Sarah cocked an eyebrow at his choice of hyperbole but Richie's face was twisted into a small frown, making it obvious that his concern was with his teacher and not with deducing the true identity of their resident Mild Mannered Watcher.

"He's just a guy, Rich," she said. "And so are you."

Richie snorted. "That's easy for you to say, *your* teacher treats you like an equal instead of a kid."

It was Sarah's turn to try to keep milkshake from blasting through her nasal passages. "Are you kidding?"

Richie shook his head. "He respects you."

"He patronizes me. Always has."

"Is that what he was doing earlier today? In the locker room? Patronizing you?"

Sarah blinked at him for a moment, startled his bluntness. "No," she said at length. "He was...doing what he's done about a thousand times...bringing me out of a nightmare."

Richie shrugged. "Mac probably would have made me soup or something...given me a blanket and made me take a nap on his couch. Adam just gave you a ride home."

"And made me tea," she laughed. "And asked if I wanted him to stay with me."

"Really?" he laughed. "So it's not just me who gets to be the sidekick? Did he used to tell you 'don't follow me' and 'stay right here'?"

"All the bloody time," she grinned and reached for another slice of pizza. "And I never listened to him. In fact, I bet if you asked him, he'd say I *still* don't listen to him."

"Well," Richie said, falling into a moment of distraction as MaryAnn pranced across the screen in her gingham sun dress, "do you?"

Sarah inhaled a long breath and rolled the milkshake around on her tongue, watching the shadows play on the far wall. "Sometimes. Not that he's been around much, though."

"Sometimes," he turned to face her. "Why not always? I mean...wouldn't it be easier if you listened to him? And safer?"

"About Martin, you mean?"

Richie nodded.

"It's not that easy," she answered.

"Adam thinks it is."

Sarah took a minute to collect her thoughts before answering. She highly doubted that Richie, of all people, was trying to lecture her. It was more likely he was looking for some kind of empathy.*That* she could certainly provide.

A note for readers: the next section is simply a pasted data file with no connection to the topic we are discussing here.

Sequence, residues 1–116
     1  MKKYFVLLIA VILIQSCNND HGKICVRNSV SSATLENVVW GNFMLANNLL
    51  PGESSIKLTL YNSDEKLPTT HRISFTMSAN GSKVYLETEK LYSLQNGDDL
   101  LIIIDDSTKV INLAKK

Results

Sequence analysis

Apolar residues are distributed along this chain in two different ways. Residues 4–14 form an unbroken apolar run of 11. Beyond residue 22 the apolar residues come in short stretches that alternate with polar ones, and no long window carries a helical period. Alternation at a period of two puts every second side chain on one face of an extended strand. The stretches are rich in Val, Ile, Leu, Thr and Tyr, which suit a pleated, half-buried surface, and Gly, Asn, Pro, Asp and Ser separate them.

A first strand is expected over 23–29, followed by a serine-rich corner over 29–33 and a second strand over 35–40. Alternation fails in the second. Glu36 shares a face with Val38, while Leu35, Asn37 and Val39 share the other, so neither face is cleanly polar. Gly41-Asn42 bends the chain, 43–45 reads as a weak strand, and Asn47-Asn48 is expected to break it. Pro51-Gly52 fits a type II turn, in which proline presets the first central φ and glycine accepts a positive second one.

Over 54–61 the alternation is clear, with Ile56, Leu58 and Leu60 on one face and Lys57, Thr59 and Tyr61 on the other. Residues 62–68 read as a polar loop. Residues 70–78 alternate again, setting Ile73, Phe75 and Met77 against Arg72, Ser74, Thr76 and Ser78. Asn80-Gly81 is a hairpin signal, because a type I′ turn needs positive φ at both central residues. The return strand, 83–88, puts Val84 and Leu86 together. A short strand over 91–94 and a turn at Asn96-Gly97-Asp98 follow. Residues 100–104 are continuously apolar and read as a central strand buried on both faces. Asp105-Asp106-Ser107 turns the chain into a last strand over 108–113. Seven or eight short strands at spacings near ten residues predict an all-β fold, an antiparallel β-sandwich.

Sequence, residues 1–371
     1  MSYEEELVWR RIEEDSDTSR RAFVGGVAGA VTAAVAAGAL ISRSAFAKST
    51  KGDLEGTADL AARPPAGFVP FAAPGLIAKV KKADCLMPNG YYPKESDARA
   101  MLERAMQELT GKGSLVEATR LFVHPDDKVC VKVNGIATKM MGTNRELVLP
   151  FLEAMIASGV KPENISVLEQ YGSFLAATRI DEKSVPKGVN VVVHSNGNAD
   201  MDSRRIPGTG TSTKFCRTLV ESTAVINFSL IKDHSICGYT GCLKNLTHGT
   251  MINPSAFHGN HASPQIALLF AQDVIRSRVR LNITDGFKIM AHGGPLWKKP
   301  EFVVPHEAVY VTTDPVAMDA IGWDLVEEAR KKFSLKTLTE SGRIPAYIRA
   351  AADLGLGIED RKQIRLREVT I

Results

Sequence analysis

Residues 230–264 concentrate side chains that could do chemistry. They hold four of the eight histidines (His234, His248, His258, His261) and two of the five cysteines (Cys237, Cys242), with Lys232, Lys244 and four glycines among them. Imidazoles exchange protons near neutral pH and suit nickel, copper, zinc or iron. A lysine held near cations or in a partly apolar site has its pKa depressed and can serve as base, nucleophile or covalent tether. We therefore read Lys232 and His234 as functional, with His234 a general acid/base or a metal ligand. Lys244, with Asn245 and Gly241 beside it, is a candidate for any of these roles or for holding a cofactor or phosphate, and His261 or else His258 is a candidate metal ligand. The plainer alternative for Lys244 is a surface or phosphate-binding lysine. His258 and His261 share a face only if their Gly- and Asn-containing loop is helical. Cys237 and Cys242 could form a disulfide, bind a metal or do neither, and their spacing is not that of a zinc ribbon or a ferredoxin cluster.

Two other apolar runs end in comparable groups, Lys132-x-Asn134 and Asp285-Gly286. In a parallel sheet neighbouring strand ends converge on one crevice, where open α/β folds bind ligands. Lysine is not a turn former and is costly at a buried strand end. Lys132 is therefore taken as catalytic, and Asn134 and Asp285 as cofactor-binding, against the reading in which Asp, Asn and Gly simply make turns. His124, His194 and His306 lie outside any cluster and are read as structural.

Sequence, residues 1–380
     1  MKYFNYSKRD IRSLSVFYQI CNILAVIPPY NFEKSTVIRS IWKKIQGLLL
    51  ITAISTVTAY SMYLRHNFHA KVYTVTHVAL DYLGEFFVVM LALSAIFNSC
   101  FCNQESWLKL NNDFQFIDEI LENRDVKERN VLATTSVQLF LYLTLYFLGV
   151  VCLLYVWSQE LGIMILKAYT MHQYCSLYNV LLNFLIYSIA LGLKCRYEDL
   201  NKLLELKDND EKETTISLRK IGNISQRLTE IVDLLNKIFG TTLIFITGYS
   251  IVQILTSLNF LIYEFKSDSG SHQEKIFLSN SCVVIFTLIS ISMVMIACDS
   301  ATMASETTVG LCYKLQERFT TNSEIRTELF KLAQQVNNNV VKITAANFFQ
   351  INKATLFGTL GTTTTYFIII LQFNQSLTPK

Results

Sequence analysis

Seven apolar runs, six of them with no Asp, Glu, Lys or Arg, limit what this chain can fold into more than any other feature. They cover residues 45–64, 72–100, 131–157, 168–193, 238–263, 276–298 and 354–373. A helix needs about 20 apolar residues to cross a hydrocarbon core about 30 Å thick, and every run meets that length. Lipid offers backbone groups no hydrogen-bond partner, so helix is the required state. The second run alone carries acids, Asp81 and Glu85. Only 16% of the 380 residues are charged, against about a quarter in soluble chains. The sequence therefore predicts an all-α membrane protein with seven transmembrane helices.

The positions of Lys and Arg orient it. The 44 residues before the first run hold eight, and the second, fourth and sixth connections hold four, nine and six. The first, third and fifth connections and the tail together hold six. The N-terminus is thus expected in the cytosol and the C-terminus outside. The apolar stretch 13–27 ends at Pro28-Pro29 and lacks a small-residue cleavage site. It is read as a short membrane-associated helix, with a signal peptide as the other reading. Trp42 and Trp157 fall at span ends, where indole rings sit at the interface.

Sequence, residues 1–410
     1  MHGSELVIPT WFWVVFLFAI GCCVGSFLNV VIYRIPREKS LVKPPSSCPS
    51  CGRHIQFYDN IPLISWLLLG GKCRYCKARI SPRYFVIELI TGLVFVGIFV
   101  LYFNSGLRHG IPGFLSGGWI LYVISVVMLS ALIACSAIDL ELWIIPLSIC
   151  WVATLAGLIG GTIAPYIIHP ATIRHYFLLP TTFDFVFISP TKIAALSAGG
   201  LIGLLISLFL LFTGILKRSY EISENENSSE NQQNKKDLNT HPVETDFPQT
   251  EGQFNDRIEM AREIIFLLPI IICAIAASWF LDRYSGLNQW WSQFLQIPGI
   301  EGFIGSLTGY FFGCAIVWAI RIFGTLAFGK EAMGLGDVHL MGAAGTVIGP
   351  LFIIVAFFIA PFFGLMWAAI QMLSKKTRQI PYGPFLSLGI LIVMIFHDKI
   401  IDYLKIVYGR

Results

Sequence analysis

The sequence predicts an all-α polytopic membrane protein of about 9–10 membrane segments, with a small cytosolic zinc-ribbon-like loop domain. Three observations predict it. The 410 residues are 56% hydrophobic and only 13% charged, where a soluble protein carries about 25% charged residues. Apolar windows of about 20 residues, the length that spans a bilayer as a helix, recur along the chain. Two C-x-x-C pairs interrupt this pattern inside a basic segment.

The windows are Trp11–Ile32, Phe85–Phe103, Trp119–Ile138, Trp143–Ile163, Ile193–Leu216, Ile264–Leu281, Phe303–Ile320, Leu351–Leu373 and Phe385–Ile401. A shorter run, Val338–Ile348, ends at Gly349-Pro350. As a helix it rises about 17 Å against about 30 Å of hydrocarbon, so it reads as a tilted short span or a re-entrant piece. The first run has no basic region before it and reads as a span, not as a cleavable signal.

"You're right," she said. "It would be easier if I just let Petey or Mac deal with Martin for me. But it's not their fight and we both know that. There are roles to play, Richie, teacher, student, peer...and we can get trapped in them sometimes. I've always been...a bit hotheaded and stubborn and Petey has always been a bit exasperating and patronizing at times. It's who we are--how we have learned to interact with one another.

"And I think part of the reason that we're bashing our heads about this is because we fell back into those roles. We don't know anything else, really. He looks at me and thinks I'm the same person I was in 1367 and I do the same for him. Duncan probably looks at you and sees you as the same kid who broke into his store. It's hard to see it when your student is growing and changing."

"So you're saying that no matter what, I'll always be Richie Ryan, Boy Immortal? Gee, that makes me feel *so* much better."

"Hey," she grinned, "I'd rather be Richie Ryan Boy Immortal than Sarie MacGreggor, Insolent Scot. But no, that's not what I'm saying. I'm saying that we all have roles to play and that it's hard to escape them sometimes. Hard, but not impossible. Someday, Petey will realize that I'm a grown up. And someday Mac will realize that *you* are one too."

Richie chuckled and took several swallows of the shake, allowing his thoughts to settle with the liquid as it flowed down his throat. "I'm...uh...glad you stopped by. I was worried about you. Are you okay?"

"Yeah," she smiled. "I'll be fine. I just didn't want to be alone."

"I thought you said that Adam offered to stay."

Sarah nodded. "He did. But...well...I wasn't in the mood for soup and blankies. I'd much rather eat greasy pizza and watch Nick at Night."

He drained his glass with a small sigh and leaned back against the cushions. "You *really* think Mac will treat me like an equal some day?"

"I'd say you've got about the same chance of that as I do with Petey," she winked. "It might take a few hundred thousand lost spars on their part, but eventually it will probably sink in."


"Mac's never late," Richie said as Methos checked his watch for the seventh time.

"Never say never," the older man grumbled.

"We can always catch another showing," Sarah offered, glancing at her own watch. "At this rate, there's no way we'll make the eight-ten."